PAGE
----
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PUK and KDP Face Challenge

The new Change list threatens to limit power of region’s political giants in upcoming ballot.
By Tiare Rath
For the first time in three decades, Iraqi Kurdistan’s two powerful parties are confronting a serious challenge from opposition candidates.



A record 24 lists are facing off in the parliamentary polls following a hard-fought campaign that has attracted unprecedented attention from the public.



But three coalitions are expected to capture the vast majority of votes.



Kurds will also elect their region’s president in a contest the incumbent Massoud Barzani is expected to win by a wide margin. Both members of parliament, MPs, and the president will serve for four years.



In the second of two articles, IWPR answers some key questions about the vote on July 25.



WHAT DO THE MAIN BLOCS STAND FOR?



KURDISTANI LIST



The Kurdistani list is the coalition of the region’s two most powerful parties – the Kurdistan Democratic Party, KDP, and the Patriotic Union of Kurdistan, PUK. Currently, the two parties hold a total of 76 seats in the 111-seat parliament.



The KDP enjoys enormous support in Dohuk province and is also very popular in Erbil. The Kurdistani list is widely expected to win the most seats despite a growing opposition in the PUK stronghold of Sulaimaniyah – Kurdistan’s largest province.



The list has recognised voter frustrations and is pledging to deliver better services, reconstruction and good governance.



It is emphasizing its record in attracting investment and providing security to the region, which has been sheltered from the violence plaguing the rest of Iraq.



The coalition, which is led by Iraqi Kurdistan’s most prominent military and political leaders, is campaigning as the most qualified defender of the Kurds and Kurdish interests.



The Kurdistani list is headed by Iraqi deputy prime minister Barham Saleh, a popular leader who some speculate may serve as the next prime minister of the Kurdistan Regional Government, KRG.



The list does not envisage an independent Kurdistan but strongly backs the right to create a federal region within Iraq.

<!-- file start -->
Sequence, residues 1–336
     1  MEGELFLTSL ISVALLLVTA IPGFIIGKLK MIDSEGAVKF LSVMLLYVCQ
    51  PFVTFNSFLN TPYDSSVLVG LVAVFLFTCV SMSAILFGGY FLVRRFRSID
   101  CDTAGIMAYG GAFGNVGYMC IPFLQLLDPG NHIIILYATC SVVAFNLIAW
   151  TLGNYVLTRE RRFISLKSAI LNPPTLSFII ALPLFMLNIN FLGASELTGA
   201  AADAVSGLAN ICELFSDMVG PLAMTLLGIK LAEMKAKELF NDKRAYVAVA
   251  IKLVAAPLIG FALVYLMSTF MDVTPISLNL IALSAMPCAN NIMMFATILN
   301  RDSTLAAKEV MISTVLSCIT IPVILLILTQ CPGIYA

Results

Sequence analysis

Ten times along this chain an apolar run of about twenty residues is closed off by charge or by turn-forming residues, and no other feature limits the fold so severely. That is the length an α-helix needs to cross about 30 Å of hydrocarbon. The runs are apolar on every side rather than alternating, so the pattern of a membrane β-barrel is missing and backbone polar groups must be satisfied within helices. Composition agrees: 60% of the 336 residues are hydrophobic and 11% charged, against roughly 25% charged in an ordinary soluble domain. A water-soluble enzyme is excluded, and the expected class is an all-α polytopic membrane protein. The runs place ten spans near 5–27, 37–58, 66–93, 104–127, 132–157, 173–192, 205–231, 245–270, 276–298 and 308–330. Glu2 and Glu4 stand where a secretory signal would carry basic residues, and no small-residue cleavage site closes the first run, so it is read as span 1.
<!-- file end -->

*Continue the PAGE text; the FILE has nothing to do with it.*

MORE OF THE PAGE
Relations between the KRG and Baghdad have grown tense recently as prime minister Nuri al-Maliki pushes for a stronger central government – a move that many Kurds fear will weaken their partial autonomy.



Like the other leading Kurdish lists, the Kurdistani list wants a constitution-mandated referendum to be held to determine whether disputed territories – including oil-rich Kirkuk - are governed by the KRG or the central government.



Arabs, Kurds and Turkmens all lay claim to the hotly-contested province of Kirkuk. A referendum on it has been delayed three times and there are concerns that holding it could ignite an ethnic war.



The delays have angered Kurds who regard the disputed territories as part of Iraqi Kurdistan and believe voters there will choose the KRG. Opponents of the Kurdistani list have blamed the ruling parties for the delays during their campaigns.



CHANGE LIST



The reform-focused Change List is campaigning on an anti-corruption, anti-establishment agenda fuelled by voter frustration with the two powerful Kurdish parties.



Critics say civic and private life is dominated by the parties – so much so that party nepotism is required for Kurds to, for example, secure good jobs, establish large private businesses and purchase land.



Change is a newcomer to the political scene and has no seats in the current parliament.



The list, which is headed by former PUK leader Nawshirwan Mustafa, is threatening to turn Iraqi Kurdistan’s political system on its head by limiting the PUK and KDP’s power in government, business and the armed forces and by cutting public subsidies to parties.



The Change list pushes for an independent judiciary and parliament, which it accuses of rubber-stamping the government’s agenda. Change also says it will deliver better services and more jobs.



It says it wants “friendly relations” with neighbouring countries and that it will “respect the supreme authorities of the federal government”.



The positions indicate that Change will not advocate for an independent Kurdish state and may push for better relations with Baghdad and Turkey.



SERVICE AND REFORM LIST